Economic Forecasting

April 16, 1976

Report Outline
Evaluations of a Post-Recession
Growth of Forecasting Techniques
Economic Future and Public Policy
Special Focus

Evaluations of a Post-Recession

With the economy moving up from the bottom of the worst recession since the Depression Thirties, economic forecasts are popping out on all sides to tell the nation how far the upward currents are expected to go. A wide range of future happenings are being projected by the experts; the tone of their predictions ranges from foreboding to euphoria. In nearly each case, the envisioned future of the economy hangs on the individual forecaster's prescription of what should be done to keep the economy moving—or to prevent it from sliding back again.

The bumper crop of prognostications falls upon the nation at the same time economists are being chided—often from within their own ranks—for having failed to call the turns in the past. The recession that began in late 1973 and reached its bottom in the spring of 1975 proved to be both worse than its early signals indicated and not so deep and long-lasting as the most pessimistic of forecasters predicted once it got well under way.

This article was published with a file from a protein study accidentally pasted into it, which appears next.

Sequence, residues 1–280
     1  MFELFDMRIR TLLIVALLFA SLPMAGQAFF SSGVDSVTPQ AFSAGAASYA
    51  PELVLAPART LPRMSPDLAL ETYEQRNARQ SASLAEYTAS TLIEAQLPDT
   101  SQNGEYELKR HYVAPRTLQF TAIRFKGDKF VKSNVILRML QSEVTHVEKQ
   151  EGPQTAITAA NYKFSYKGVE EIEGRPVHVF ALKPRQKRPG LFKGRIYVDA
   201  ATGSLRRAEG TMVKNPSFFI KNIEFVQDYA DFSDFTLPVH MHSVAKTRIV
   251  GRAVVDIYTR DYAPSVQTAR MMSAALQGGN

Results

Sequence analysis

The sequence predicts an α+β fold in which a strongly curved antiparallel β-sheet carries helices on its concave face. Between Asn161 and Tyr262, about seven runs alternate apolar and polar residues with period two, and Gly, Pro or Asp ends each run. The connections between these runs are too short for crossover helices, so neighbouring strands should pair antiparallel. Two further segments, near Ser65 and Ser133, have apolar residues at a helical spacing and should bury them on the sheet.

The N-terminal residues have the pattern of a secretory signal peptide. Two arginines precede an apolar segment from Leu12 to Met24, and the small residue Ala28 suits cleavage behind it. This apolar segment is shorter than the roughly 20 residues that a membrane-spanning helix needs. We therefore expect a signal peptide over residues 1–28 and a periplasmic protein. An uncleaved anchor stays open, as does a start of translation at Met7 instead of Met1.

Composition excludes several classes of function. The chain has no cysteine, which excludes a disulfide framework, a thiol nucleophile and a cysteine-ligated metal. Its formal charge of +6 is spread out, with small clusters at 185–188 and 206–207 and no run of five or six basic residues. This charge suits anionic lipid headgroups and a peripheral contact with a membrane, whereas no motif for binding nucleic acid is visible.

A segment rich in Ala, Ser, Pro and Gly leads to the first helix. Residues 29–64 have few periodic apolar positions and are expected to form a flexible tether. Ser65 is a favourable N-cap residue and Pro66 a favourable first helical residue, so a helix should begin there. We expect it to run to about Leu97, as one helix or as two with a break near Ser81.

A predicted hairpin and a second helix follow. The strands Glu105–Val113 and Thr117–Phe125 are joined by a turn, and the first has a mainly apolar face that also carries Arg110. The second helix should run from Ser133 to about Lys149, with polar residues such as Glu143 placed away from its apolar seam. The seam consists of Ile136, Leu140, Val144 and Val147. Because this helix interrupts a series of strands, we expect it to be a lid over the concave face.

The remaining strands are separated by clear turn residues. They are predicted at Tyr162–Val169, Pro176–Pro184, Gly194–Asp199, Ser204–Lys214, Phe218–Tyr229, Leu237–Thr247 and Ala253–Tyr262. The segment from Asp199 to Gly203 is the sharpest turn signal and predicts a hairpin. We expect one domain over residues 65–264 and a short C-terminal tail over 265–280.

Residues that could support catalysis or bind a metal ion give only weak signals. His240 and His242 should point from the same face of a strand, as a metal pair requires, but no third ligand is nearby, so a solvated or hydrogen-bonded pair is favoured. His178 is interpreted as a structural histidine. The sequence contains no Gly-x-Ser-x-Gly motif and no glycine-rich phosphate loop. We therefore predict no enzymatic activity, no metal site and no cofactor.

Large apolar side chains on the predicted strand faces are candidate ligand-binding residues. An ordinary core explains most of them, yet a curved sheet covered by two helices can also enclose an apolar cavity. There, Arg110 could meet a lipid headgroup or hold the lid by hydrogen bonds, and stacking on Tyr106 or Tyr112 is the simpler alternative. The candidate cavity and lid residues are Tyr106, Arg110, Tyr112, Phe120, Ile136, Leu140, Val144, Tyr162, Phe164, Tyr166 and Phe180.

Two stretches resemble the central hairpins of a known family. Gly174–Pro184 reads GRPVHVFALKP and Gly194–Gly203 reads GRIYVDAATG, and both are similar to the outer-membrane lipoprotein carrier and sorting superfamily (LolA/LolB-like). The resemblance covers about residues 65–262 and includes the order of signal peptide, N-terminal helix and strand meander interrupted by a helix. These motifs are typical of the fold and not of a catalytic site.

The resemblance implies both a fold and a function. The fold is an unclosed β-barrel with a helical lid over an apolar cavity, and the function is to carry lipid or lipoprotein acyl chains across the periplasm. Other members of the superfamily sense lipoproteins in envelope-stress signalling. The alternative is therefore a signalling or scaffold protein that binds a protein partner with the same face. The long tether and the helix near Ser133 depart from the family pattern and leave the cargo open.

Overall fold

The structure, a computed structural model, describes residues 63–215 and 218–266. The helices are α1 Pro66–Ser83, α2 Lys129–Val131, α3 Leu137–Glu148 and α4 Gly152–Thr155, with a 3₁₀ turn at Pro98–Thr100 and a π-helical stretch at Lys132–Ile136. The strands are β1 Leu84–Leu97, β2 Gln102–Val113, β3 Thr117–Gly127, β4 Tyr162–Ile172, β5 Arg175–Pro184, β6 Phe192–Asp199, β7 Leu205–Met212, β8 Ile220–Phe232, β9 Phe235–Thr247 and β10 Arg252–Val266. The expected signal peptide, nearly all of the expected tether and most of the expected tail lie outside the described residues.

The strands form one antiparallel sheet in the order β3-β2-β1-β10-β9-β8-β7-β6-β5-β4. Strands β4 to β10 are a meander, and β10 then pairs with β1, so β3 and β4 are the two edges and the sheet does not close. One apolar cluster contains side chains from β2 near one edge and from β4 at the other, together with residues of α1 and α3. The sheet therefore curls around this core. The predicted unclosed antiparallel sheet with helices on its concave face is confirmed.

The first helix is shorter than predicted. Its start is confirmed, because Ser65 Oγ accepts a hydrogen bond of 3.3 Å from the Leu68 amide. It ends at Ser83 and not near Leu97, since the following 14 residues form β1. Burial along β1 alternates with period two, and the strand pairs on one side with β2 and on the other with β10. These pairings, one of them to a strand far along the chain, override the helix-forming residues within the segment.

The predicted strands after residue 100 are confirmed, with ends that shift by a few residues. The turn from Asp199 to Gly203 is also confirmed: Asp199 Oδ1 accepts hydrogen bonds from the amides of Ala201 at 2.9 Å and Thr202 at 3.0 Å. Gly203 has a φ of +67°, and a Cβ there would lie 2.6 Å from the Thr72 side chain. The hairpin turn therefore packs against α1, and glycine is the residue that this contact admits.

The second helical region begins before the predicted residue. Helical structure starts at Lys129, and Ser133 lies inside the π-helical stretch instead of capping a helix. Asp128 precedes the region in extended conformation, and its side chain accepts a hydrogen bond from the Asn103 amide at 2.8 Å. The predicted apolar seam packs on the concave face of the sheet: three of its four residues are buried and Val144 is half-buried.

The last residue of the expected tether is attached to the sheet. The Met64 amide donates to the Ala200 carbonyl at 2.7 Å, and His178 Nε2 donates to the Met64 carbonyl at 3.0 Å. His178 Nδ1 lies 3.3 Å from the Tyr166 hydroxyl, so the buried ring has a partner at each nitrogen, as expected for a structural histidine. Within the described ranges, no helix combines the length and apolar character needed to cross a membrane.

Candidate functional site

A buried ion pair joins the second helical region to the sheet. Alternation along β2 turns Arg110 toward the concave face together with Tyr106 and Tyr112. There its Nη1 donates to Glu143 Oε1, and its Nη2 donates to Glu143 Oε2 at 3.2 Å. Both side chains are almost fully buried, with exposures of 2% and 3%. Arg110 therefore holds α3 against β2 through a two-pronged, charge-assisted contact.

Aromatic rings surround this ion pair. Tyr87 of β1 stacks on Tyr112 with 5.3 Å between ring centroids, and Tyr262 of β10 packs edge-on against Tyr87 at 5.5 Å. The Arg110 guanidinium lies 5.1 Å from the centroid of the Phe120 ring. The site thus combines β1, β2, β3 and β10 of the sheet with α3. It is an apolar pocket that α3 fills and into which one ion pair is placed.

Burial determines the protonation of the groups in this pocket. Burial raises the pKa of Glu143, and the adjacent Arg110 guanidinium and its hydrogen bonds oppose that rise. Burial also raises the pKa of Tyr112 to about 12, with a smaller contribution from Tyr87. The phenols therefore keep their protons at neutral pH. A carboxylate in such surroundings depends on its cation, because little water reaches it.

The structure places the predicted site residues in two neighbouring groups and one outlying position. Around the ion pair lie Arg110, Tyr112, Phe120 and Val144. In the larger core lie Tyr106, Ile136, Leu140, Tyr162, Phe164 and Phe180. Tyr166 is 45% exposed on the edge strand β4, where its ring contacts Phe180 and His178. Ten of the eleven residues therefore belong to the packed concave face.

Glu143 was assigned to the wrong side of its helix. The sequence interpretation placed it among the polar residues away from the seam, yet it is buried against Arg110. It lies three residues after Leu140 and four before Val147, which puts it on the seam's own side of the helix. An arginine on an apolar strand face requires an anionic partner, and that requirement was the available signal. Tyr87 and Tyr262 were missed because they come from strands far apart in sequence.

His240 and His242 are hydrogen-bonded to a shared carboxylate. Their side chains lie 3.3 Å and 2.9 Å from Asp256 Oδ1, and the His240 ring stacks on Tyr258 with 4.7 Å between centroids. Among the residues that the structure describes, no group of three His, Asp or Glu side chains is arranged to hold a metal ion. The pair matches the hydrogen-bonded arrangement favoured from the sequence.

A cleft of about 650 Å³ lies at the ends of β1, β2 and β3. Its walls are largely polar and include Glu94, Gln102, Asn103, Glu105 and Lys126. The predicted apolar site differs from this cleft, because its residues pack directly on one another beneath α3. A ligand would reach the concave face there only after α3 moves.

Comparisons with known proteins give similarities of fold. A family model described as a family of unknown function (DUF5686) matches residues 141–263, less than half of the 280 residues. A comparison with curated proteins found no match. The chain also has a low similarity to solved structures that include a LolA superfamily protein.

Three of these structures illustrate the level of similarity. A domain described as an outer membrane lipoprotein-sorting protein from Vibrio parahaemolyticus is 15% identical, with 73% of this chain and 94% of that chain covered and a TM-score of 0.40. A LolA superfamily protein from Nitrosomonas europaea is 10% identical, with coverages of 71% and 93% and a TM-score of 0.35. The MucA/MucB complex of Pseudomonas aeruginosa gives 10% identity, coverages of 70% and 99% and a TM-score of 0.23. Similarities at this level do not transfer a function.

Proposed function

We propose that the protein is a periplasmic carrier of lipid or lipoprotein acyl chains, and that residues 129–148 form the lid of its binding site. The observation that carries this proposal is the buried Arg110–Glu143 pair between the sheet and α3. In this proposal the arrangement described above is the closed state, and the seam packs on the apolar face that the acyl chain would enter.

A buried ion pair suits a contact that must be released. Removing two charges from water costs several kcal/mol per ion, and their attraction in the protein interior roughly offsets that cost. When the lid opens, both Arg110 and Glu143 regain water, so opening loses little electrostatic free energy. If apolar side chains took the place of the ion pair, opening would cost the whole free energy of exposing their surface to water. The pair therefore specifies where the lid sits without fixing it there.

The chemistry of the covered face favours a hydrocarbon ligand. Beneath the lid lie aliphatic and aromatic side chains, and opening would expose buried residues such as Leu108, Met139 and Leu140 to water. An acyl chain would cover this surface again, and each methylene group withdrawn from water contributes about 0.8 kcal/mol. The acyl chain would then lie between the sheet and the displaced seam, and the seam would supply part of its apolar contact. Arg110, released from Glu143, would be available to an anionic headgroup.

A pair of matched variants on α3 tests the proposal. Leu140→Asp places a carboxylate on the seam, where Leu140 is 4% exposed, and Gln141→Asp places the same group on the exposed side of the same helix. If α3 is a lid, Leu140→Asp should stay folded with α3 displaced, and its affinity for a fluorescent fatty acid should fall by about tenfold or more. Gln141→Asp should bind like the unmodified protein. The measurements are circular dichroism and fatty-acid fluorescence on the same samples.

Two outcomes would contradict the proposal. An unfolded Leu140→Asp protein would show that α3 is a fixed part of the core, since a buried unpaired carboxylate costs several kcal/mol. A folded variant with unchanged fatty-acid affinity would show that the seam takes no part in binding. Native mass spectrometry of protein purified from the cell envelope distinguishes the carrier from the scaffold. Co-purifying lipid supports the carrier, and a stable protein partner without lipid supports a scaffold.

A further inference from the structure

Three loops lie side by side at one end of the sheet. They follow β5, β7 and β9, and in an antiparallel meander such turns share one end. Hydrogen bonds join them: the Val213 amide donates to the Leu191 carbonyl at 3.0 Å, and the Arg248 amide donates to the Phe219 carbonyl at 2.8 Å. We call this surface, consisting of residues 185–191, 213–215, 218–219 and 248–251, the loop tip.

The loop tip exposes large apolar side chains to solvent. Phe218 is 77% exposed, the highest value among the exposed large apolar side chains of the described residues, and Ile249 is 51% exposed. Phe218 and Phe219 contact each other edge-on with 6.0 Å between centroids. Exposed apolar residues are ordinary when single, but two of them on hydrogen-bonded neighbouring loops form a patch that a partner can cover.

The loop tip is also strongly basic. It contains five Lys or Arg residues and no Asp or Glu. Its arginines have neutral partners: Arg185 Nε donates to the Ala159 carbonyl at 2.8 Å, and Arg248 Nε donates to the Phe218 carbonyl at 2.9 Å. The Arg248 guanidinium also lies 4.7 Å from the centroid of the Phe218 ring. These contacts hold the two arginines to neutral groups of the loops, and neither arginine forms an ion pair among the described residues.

Economists looking back at their predictions of two or three years ago are now pondering the reasons for the weakness of their foresight. They are also hedging their predictions for the rest of 1976 and 1977. If there is a consensus it is that yes, the recession is receding, but we are not out of the woods yet and things could go bad again, most likely in 1977. The toughest problem—how to stimulate economic growth and reduce unemployment without spurring inflation—remains to be solved.

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BROWSE RELATED TOPICS:
Economic Analyses, Forecasts, and Statistics